ASIO has for long had a negative reputation among Australians old enough to remember the Cold War, to have seen their file, and to know if they lost a job, a promotion, or a government grant because of its contents, accurate or not. Younger Australians, however, may approach Moorhouse with reasonable, contemporary questions: if I have nothing to hide, why should I fear ASIO surveillance? If others plan acts of violence, shouldn’t ASIO intercept them by whatever means? If national security is endangered, isn’t it appropriate to reverse the onus of proof onto the suspect? Doesn’t ASIO need to operate in secrecy?

I hoped for answers from Moorhouse’s book, following his prizewinning Griffith Review essay, ‘The Writer in a Time of Terror’ (2006-07). I found a discussion of what he calls ‘the dark conundrum’, the sly behaviour of a democratic government that contradicts its own espoused values, justifying behaviour of dubious legality in the name of political necessity and national security. Since Vietnam, this has become increasingly obvious to most alert Australians. Moorhouse doesn’t mention the much more troubling ‘special intelligence operations’, about which Australian citizens are not allowed to ask questions and which journalists can be jailed for unwittingly revealing. He doesn’t refer to ‘the deep state’, a linked intelligence community in the Anglophone countries that, according to Canadian author Peter Dale Scott, operates as an unchallengeable, permanent authority in parallel with impermanent governments. He doesn’t cite Glenn Greenwald or Jennifer Robinson, whose views on private ownership of information would illuminate his conundrum. He admires the leakers Manning and Snowden, but calls Assange a hacker. In fact, WikiLeaks does not hack, but publishes information leaked to it, just as the news media do (and some of them hack).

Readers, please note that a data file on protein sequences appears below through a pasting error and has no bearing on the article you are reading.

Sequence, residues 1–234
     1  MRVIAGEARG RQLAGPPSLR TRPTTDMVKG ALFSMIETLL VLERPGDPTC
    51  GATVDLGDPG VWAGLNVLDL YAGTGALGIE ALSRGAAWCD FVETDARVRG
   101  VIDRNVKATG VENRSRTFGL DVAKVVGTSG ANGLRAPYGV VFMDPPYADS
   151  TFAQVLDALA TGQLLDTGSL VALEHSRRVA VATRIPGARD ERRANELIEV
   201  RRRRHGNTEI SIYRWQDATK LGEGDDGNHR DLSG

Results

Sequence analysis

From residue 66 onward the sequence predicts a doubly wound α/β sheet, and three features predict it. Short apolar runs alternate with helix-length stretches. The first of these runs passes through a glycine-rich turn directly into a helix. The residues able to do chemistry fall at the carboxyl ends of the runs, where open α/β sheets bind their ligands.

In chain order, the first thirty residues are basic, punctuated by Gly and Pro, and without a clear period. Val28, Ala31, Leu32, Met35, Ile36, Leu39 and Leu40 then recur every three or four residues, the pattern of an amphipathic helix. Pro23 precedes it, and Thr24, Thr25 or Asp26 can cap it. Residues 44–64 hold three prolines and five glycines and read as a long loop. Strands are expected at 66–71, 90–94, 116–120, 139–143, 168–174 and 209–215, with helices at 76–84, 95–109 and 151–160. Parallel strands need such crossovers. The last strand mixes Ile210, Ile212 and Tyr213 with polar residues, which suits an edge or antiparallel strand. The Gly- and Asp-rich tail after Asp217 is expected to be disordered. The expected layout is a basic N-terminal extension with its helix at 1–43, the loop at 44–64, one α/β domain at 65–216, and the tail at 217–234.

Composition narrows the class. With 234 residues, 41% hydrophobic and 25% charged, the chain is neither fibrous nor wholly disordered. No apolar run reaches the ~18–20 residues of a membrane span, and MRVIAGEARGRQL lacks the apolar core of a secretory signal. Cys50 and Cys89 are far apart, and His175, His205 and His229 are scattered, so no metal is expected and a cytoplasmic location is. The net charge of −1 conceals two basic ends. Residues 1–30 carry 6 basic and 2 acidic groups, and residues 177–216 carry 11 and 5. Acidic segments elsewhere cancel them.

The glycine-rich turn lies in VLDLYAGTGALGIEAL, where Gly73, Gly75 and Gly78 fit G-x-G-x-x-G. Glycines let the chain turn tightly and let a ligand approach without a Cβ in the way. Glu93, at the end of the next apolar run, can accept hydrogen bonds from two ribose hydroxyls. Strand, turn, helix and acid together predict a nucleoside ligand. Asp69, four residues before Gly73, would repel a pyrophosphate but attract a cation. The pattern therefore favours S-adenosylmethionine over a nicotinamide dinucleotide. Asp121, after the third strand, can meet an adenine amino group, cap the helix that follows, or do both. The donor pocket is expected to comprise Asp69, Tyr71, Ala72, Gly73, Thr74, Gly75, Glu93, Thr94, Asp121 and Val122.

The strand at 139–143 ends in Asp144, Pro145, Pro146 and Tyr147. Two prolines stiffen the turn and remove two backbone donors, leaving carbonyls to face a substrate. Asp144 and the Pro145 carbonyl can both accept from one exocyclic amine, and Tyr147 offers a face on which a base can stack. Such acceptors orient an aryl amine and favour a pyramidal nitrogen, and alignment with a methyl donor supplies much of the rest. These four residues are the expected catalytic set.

ShowImageASIO surveillance photograph, Manning Clark, 1960 (National Archives of Australia, A9626, 1841127)

Moorhouse burrows into his conundrum, wandering down the dark passageways of his personal predilections – censorship, the politics of sexual preference, the French Revolution, nihilism, the human condition and more. His research assistant advised him to order his material chronologically but that thread is abandoned. Every so often he comes up from the mine with a nugget of a question, asking, for example, if a secret agency is needed for the safety of a democracy, and whether a modern state can any longer keep its own secrets, let alone those of its citizens. But these reflections are left dangling, and Moorhouse admits his proposals for reform are unlikely to be adopted. Appending an extract from the Universal Declaration of Human Rights, he notes that Australia is a signatory, but doesn’t point out that the Declaration’s provisions have not been incorporated into Australian law. Neither have those of the Conventions on Civil and Political Rights and the Rights of the Child. Australia is alone in the OECD in having no Charter or Bill of Rights, a situation our political leaders show no inclination to change.

As ‘national security’ is increasingly used to justify the erosion of such privacy and liberty as Australians have, many of us, like Moorhouse, are concerned about state surveillance of individual academics, writers, filmmakers, journalists, and particularly Muslims. But as Human Rights Commissioner Gillian Triggs has recently argued, the situation of Australia’s democratic institutions is worse: national security is being used to marginalise and overpower the judiciary, to concentrate power in the executive, to allow the armed forces to be deployed as and where the prime minister wishes and to imprison people without charge or trial. The deep state is the new normal.

This article also appeared in the Canberra Times, 29 November 2014